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If you live in the East Texas town of Timpson, or nearby, chances are you’ve had a shaky week. It all started last Friday, very early in the morning, when an earthquake measuring 4.1 on the Richter scale struck just north of town, causing minor damage. Then on Tuesday, again, very early in the morning, a smaller 2.8 quake struck. Then yesterday afternoon another quake occurred, just south of town, with a strength of 2.7. That’s three earthquakes within a week.
So what’s going on? We put that question to Dr. Cliff Frohlich, a seismologist that studies manmade earthquakes at the University of Texas at Austin. Yes, manmade.
Frohlich has looked into a string of quakes in the Dallas-Fort Worth area that began in 2008. Frohlich has linked many of those quakes to deep injection wells used to dispose of wastewater from oil and gas drilling, which has taken off in recent years with the advent of hydraulic fracturing and horizontal drilling. (You can read more about how disposal wells work here.)
“Those [DFW] earthquakes started only six weeks after [disposal] injection,” Frohlich says. “At the same depth, and within a kilometer of the well.” Frohlich has conducted two peer-reviewed studies of quakes in that area, linking them to injection wells. “Injection-triggered earthquakes are more common than is generally recognized,” he writes in his latest study.
But is that what’s happening in East Texas? The largest earthquake to ever strike the area hit Timpson (in Shelby County) directly last May, with a magnitude of 4.8. “The highest intensities … occurred south of Timpson … where chimneys, fireplaces, and brick veneer siding suffered significant damage,” Frohlich and two others write in a review of that quake recently presented to the American Geophysical Union. (Earthquakes below an intensity of 4.0 generally aren’t known to cause significant damage.)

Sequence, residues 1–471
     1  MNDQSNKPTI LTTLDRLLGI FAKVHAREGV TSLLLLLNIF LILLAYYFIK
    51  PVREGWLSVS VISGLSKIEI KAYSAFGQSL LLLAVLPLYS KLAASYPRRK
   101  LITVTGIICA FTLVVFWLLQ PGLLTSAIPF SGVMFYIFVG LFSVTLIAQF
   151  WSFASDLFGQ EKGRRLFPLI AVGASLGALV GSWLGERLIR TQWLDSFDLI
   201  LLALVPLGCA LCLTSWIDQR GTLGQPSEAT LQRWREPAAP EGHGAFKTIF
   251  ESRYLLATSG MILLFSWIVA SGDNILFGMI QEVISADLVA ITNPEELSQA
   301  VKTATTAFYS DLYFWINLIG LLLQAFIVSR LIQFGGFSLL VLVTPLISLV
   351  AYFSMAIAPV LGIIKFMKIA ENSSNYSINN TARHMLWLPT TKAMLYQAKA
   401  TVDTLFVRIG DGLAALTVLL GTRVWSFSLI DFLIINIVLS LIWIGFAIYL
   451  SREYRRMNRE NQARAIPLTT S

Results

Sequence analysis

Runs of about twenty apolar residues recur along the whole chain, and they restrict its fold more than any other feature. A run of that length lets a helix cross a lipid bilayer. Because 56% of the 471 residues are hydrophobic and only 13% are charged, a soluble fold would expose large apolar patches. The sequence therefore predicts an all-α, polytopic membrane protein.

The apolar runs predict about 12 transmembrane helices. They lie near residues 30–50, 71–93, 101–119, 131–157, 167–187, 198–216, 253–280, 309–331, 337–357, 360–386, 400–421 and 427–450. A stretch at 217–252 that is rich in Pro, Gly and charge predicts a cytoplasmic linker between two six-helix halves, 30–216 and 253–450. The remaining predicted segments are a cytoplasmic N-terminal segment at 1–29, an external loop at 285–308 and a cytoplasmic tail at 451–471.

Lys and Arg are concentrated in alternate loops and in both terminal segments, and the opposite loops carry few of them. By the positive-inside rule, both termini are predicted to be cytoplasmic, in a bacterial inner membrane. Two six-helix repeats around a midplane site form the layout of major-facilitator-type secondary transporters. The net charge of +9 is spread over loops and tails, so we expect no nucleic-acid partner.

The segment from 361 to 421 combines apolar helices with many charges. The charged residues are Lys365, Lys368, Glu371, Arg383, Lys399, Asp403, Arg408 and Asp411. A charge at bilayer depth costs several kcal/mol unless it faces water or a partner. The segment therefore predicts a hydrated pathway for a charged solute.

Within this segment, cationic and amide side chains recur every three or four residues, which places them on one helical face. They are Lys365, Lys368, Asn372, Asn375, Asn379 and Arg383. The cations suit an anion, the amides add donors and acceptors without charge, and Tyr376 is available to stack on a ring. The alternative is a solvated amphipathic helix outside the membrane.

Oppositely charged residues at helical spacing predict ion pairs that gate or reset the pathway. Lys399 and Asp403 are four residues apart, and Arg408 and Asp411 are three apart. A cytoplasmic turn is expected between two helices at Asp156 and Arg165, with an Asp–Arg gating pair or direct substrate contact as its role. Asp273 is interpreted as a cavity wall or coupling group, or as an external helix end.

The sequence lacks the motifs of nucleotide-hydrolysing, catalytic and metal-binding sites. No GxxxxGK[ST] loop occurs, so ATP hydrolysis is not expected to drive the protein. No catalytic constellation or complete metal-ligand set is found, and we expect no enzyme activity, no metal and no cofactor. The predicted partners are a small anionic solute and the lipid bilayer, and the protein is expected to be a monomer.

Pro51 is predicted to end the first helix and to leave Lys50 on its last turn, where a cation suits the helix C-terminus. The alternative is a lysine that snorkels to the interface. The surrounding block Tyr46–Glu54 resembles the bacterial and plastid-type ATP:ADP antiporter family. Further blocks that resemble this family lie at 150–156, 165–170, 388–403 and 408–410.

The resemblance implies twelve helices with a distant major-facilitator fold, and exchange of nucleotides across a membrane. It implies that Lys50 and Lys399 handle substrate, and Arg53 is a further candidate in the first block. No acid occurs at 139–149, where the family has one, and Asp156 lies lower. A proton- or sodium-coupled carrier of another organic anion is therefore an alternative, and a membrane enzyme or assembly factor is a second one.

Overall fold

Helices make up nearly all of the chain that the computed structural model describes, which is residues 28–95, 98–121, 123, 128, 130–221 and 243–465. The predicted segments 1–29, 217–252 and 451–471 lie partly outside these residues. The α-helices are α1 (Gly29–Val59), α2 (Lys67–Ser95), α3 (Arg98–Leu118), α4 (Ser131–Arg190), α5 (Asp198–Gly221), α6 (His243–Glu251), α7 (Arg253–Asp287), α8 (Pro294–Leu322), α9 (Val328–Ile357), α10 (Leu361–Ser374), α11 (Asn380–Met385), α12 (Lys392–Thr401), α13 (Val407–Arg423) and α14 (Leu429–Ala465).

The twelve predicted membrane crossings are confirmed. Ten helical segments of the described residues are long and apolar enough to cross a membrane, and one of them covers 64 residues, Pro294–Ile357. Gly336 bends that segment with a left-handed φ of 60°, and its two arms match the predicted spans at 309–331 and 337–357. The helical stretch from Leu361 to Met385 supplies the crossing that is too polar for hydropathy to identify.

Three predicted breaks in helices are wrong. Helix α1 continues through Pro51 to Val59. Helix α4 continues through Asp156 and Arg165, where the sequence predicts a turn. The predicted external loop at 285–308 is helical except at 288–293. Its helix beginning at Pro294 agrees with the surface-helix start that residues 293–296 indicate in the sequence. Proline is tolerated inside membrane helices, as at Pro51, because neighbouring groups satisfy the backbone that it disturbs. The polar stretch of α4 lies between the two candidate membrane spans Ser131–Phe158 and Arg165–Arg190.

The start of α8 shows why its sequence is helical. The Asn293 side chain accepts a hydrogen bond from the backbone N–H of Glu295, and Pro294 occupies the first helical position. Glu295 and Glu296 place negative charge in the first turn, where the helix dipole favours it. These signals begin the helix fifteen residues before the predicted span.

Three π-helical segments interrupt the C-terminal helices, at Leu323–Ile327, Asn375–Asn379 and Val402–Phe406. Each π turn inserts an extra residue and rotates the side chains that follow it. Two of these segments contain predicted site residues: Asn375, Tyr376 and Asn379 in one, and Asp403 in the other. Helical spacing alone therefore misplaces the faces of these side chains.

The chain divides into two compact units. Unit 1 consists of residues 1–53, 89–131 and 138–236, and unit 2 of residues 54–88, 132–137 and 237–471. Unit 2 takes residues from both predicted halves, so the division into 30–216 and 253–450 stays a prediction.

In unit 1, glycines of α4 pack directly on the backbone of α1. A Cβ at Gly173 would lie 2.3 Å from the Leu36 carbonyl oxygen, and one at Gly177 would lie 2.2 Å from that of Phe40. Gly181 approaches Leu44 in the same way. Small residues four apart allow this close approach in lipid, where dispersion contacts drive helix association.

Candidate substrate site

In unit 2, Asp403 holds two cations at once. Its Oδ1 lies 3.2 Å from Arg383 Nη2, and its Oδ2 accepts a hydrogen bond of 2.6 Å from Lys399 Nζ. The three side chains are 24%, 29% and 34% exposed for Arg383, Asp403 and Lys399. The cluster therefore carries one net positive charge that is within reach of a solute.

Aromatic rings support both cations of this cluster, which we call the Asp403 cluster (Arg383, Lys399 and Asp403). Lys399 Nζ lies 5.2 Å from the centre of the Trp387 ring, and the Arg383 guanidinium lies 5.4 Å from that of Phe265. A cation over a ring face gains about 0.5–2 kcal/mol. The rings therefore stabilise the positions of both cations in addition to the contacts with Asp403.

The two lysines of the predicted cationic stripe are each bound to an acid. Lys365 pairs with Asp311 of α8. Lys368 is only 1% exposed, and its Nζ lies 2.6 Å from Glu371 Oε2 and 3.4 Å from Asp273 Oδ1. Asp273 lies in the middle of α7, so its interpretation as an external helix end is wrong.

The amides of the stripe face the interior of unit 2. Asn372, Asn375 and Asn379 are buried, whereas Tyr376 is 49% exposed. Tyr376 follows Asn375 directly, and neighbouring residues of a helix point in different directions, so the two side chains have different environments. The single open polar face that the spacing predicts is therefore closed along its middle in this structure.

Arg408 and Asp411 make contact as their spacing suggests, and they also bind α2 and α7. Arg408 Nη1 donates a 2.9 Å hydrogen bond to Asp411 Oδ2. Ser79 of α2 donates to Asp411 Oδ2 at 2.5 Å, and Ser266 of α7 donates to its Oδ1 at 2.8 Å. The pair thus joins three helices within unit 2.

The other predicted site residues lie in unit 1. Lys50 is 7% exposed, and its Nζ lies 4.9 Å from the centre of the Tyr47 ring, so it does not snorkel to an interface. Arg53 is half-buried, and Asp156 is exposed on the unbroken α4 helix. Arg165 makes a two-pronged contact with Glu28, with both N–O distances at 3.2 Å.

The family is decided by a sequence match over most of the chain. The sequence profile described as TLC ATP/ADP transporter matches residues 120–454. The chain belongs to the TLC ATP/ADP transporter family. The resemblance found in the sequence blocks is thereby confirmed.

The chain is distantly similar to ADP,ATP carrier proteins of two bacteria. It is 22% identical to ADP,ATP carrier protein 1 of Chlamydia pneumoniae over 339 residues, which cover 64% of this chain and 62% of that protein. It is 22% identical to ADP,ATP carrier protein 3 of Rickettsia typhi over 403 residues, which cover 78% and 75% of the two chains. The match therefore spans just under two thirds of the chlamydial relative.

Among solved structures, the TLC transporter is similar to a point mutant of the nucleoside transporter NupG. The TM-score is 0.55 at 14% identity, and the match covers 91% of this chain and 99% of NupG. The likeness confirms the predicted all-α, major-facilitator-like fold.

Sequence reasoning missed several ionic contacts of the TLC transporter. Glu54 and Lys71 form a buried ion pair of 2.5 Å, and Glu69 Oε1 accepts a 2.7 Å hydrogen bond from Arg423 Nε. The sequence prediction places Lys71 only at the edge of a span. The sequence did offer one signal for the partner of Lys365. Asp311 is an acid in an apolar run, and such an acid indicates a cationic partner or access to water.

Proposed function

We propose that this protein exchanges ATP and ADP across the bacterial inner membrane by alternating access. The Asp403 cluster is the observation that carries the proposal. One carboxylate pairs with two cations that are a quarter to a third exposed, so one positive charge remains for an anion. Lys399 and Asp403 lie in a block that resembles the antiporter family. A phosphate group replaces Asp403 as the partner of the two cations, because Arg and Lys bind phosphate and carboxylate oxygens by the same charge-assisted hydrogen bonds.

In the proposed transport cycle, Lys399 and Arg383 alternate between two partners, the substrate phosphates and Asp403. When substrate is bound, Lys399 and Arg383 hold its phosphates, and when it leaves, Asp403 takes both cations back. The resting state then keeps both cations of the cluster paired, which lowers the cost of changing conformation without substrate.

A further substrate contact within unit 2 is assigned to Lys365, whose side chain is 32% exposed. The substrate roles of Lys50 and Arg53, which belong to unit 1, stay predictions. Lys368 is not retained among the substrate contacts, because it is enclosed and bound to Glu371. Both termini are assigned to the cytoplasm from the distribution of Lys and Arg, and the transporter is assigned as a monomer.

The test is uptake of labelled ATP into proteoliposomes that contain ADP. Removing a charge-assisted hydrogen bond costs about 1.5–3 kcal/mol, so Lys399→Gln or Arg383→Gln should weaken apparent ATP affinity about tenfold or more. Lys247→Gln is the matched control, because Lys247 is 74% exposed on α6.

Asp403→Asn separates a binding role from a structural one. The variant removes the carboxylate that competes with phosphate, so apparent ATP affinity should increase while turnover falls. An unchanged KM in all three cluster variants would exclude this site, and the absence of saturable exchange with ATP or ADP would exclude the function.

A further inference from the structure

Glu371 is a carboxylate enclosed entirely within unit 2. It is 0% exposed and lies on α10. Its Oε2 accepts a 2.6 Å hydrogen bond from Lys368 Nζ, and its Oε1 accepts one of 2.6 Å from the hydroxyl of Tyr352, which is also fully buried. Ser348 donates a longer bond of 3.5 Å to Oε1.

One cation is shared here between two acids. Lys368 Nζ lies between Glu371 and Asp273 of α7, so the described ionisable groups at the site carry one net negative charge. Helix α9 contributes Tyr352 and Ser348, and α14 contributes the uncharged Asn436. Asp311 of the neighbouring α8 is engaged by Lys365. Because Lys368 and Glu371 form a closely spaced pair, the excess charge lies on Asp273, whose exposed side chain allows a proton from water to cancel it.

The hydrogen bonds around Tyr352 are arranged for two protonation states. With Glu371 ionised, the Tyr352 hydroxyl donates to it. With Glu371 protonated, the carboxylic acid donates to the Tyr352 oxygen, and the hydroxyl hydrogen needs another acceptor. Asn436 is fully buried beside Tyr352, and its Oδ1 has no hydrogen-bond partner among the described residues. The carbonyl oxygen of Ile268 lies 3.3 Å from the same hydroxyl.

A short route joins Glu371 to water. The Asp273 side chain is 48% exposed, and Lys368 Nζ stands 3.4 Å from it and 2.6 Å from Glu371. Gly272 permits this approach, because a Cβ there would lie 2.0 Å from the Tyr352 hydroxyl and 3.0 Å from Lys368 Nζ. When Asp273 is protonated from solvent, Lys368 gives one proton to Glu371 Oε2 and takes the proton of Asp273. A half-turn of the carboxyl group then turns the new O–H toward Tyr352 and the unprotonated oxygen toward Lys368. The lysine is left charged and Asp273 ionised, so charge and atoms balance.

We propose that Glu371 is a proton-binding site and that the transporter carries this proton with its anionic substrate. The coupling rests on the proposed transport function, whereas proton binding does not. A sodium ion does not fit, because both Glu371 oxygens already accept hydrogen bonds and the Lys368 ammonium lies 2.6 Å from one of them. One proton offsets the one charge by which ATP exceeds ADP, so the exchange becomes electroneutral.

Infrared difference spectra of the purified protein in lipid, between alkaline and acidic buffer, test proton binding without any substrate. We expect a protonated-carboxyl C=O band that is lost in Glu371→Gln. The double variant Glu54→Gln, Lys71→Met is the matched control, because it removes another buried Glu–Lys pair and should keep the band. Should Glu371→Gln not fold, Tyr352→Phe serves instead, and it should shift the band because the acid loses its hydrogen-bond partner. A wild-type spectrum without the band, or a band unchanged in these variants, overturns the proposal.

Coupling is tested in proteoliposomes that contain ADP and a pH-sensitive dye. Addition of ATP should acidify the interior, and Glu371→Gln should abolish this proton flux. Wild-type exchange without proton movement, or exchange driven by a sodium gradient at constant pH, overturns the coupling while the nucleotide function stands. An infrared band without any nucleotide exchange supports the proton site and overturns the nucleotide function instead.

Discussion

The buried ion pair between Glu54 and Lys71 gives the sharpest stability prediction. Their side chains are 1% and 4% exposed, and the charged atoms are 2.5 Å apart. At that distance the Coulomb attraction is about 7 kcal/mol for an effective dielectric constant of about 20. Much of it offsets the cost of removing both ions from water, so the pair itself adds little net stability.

There have been earthquakes in the surrounding area in the past, but nothing this big. And Timpson has never experienced earthquakes, according to U.S. Geological Survey measurements dating back to 1973. There are 27 active disposal wells in Shelby County, according to the Railroad Commission of Texas’ database, with two of them in Timpson.
So are the Timpson earthquakes connected to disposal wells? It’s certainly possible, Frohlich says. He’s leading a team studying a potential link, and their research could be ready by the end of the year. But one thing slowing him down? The area keeps shaking, meaning they have to keep adding more data. “If they quit having earthquakes it’d be faster,” he says.